Intended for healthcare professionals


There is a role for physician associates in the NHS

BMJ 2024; 384 doi: (Published 12 March 2024) Cite this as: BMJ 2024;384:q618

This article has a correction. Please see:

  1. Sarah Clarke, President
  1. Royal College of Physicians

The upcoming extraordinary general meeting at the Royal College of Physicians is an opportunity to contribute constructively to the debate around the future of physician associates

We are in the midst of a political and professional storm over the role of the Royal College of Physicians (RCP) in supporting physician associates (PAs).1 Concerns around the profession’s scope of practice, supervision, and regulation have come to the fore in recent months. The NHS has changed beyond recognition since I qualified as a doctor almost 40 years ago and I genuinely believe that the development of multidisciplinary team (MDT) working has improved access to services, evidence-based care, and continuity of care. On 13 March 2024, the RCP will hold an extraordinary general meeting (EGM) to discuss these concerns and, whatever its outcome, we must use it as an important opportunity to further the conversation about how these multidisciplinary teams—including PAs—can work together safely to provide the best care possible for patients.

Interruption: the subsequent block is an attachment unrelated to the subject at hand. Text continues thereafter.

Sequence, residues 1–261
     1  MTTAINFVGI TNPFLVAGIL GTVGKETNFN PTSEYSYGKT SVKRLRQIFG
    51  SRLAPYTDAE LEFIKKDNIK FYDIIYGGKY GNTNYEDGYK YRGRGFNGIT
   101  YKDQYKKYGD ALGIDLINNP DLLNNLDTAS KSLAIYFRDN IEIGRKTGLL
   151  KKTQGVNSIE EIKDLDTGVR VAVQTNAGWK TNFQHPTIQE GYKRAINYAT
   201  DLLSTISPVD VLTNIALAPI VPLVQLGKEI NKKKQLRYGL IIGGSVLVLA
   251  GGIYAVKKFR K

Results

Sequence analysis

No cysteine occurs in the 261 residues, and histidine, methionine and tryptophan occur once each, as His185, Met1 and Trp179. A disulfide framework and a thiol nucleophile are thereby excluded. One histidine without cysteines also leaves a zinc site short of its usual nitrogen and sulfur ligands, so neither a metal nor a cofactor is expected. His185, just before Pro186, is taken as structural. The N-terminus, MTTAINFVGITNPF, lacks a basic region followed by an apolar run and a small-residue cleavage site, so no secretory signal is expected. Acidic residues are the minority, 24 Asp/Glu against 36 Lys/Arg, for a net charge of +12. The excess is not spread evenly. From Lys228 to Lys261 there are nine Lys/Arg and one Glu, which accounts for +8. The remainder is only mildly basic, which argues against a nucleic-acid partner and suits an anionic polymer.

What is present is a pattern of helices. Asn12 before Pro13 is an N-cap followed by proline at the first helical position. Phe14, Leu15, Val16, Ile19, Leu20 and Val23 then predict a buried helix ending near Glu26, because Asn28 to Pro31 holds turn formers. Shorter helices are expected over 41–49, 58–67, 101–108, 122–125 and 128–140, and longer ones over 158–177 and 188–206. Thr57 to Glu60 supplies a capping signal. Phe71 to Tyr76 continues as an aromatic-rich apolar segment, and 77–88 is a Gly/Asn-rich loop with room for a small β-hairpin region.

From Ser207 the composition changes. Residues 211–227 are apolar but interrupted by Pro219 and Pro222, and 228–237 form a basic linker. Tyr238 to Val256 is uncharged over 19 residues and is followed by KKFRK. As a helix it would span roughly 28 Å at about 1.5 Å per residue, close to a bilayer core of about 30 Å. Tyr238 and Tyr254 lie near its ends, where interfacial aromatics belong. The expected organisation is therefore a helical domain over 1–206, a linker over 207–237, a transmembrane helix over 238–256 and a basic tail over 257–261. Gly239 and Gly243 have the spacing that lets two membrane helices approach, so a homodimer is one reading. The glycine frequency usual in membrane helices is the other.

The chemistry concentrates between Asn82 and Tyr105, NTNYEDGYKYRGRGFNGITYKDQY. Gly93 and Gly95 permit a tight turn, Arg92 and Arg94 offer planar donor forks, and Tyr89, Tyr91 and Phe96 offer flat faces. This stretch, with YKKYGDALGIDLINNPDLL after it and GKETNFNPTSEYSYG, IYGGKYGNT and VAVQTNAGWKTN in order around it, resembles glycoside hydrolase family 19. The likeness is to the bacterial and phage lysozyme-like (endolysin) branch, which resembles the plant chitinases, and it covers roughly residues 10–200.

PAs have worked in the NHS for over 20 years, and since 2015 the RCP has supported the profession’s governance and leadership by hosting the Faculty of Physician Associates (FPA). Our aim has been, and continues to be, to help the profession develop in a way that is distinct and supplementary to doctors. Looking back, our communications from that time are optimistic about MDT working.2 I worry this has been lost in recent months, as the NHS struggles to balance huge patient demand with a workforce crisis and unresolved industrial action.

There are over 370 000 doctors on the UK medical register held by the General Medical Council (GMC) and the NHS England long term workforce plan commits to an extra 60 000 to 74 000 doctors and a total of 10 000 PAs in the NHS by 2036/37, with PAs making up just a small fraction of the workforce.34

We are clear that PAs are not doctors, cannot and must not replace doctors. However, we recognise that there is still some ambiguity around their scope of practice and about their role for patients.5 Employers must ensure that the supervision of PAs is never to the detriment of the training, education, and supervision of doctors—and must give those with supervision responsibilities adequate time for this role. We are clear that PAs must always explain their role accurately to patients.

There have been missteps along the way that have contributed to the current issues, including the commitment in the long term workforce plan to expand the PA profession before regulation, disagreement around who should be the regulator, the unfair difference in pay between newly qualified doctors and PAs, and the potentially inappropriate use of PAs in some short-staffed NHS environments.6 The combined impact of these has led us to where we are today.